I know! I know! I should be concentrating on the UFO ‘one quilt into four’ project BUT somehow my mind has wandered and I’m wanting to throw the blocks of one of my scrappy ‘back-burner’ quilts onto the design wall…
This is my, never-ending, use-up-the-scraps ‘leader-ender’ project a la Amanda Jean Nyberg’s ‘Scrap Vortex Quilt‘. I’ve made several quilts by slightly adapting Amanda Jean’s method and see no reason to stop making them! It’s a way of keeping my little scraps of fabric under control whilst producing a fun quilt. What’s not to like? 😀
Well! When I say the scraps are ‘under control’…..
I keep this bin next to my sewing machine, pairing up scraps as leaders & enders whilst piecing blocks for other projects.
…. A few hours later….
I’ve had a productive afternoon sewing little scraps into bigger and bigger blocks. Still a way to go. By the end of the week I should have a finished quilt top to share in a blog post. In the meantime I’ll be posting progress on Instagram @allisonreid.neweverymorning and Facebook, NewEveryMorningPQ.
Linking with Beth for Monday Making. Beth has used home furnishing fabric samples to make a pair of patchwork cushion covers.
I’m making good progress with the Bargello quilt experiment.
The story so far: I’m using a Jelly Roll for fabric and have had a couple of attempts at designing and making blocks. My first pattern proved to be a bit too fiddly – for my tastes anyway – with the narrowest strips cut just ¾” wide. Before making the second block I changed the cutting measurements to no narrower than 1½” wide – much better! The thrid block I made was identical to the second… Or so I thought…. Doh! I mis-read my pencil pattern and had cut a couple of strips to the finished measurements with no seam allowances! A bit of unpicking had to happen! Thankfully there was enough left-over fabric for me to cut strips of the correct width to complete the block.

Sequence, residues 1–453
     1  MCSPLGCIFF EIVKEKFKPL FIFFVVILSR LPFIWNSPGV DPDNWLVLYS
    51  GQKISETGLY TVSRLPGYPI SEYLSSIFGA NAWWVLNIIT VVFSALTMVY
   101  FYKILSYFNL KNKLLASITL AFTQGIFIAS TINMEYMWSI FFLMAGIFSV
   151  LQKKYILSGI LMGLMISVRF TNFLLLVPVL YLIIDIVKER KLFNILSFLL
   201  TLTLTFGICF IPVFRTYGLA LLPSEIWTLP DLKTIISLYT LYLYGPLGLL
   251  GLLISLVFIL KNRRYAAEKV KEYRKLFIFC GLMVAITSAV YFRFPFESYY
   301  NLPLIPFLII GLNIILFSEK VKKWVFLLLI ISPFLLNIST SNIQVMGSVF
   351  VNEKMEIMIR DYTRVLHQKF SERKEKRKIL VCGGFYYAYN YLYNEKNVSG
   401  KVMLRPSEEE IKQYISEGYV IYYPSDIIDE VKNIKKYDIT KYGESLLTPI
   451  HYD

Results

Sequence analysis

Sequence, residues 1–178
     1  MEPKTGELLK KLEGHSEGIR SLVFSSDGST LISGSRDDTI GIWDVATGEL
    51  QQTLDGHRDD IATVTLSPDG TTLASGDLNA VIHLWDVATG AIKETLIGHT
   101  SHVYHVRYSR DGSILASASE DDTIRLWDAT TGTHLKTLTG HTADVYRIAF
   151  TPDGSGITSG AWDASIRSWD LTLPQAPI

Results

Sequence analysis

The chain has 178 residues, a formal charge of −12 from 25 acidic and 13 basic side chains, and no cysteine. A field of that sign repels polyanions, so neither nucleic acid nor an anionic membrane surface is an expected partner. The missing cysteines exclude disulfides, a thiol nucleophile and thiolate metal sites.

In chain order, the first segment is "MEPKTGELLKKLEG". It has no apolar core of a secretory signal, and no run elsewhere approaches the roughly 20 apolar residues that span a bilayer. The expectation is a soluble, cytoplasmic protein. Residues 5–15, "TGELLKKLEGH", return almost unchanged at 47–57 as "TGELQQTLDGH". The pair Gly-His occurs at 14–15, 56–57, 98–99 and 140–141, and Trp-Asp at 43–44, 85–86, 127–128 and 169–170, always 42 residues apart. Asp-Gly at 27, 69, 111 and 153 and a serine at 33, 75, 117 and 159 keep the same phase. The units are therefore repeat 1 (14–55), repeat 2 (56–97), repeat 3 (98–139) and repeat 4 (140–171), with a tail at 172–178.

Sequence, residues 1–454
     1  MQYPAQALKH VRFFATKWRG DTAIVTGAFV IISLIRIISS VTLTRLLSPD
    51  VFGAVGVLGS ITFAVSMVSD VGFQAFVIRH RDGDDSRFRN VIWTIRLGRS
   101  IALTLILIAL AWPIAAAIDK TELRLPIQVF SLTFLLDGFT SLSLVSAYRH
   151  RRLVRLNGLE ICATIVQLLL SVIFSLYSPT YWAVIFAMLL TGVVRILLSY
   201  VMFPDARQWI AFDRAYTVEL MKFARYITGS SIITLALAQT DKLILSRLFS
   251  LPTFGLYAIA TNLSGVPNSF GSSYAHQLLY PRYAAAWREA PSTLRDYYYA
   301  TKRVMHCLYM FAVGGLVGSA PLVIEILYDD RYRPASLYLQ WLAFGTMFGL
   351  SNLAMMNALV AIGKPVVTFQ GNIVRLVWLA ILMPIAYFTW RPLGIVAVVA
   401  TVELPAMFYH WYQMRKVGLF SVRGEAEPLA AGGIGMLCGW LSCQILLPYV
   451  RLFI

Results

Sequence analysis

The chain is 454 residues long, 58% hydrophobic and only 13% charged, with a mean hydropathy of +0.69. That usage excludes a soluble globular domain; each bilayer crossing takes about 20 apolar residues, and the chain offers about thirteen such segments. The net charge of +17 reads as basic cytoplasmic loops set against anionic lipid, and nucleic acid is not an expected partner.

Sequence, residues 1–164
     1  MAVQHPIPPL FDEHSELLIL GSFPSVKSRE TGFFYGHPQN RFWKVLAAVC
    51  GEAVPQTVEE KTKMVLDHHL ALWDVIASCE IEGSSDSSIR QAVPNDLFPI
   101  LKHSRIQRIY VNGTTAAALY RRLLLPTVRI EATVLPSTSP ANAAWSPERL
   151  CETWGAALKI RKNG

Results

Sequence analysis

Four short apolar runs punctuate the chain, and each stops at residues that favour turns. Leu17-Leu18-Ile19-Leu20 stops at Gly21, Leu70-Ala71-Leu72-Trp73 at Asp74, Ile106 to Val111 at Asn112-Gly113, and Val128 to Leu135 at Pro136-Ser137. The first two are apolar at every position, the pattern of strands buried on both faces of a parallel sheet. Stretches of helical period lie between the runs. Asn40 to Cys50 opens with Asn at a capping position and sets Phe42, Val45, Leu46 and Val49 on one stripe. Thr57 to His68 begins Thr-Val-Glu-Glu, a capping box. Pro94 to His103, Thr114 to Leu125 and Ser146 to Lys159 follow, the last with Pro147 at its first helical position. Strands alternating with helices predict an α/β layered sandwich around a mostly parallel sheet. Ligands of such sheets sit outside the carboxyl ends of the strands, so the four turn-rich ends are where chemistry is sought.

Then I had to bite the bullet and make the fourth block using my original narrow cutting measurements. When that was made I could sew all four blocks together and stand back to see the pattern flowing over the quilt top. So this is a bit of an experimental quilt top. I’m pleased I achieved my aims of designing and making Bargello blocks AND in the process used all forty Width Of Fabric strips from the Jelly Roll.
Bargello – it turns out not to be as scary as it looks! I thought I’d write up my cutting and piecing instructions and share them. If you’ve shied away from this block in the past why not give it a go using my pattern, Basic Bargello Block -July 2020? All you need are ten width of fabric strips cut 2½” wide. Follow the method shared in the pattern – looking back at the photo tutorial in my ‘Jelly Roll Bargello Quilt – first block, step by step‘ blog post should help – and give it a go! Ten WOF fabric strips will make a block measuring 28″ x 20″.
Let me know how you get on if you do give Bargello a try. Link up via my Facebook page, or use @allisonreid.neweverymorning on Instagram. I’d love to see versions of this pattern made in other colourways 🙂
Linking with Susan for Midweek Makers. Susan is busy designing rather than making at the moment but there are a whole host of bloggers from the Worldwide Quilting Community sharing their inspiring quilt projects in her link-up this week.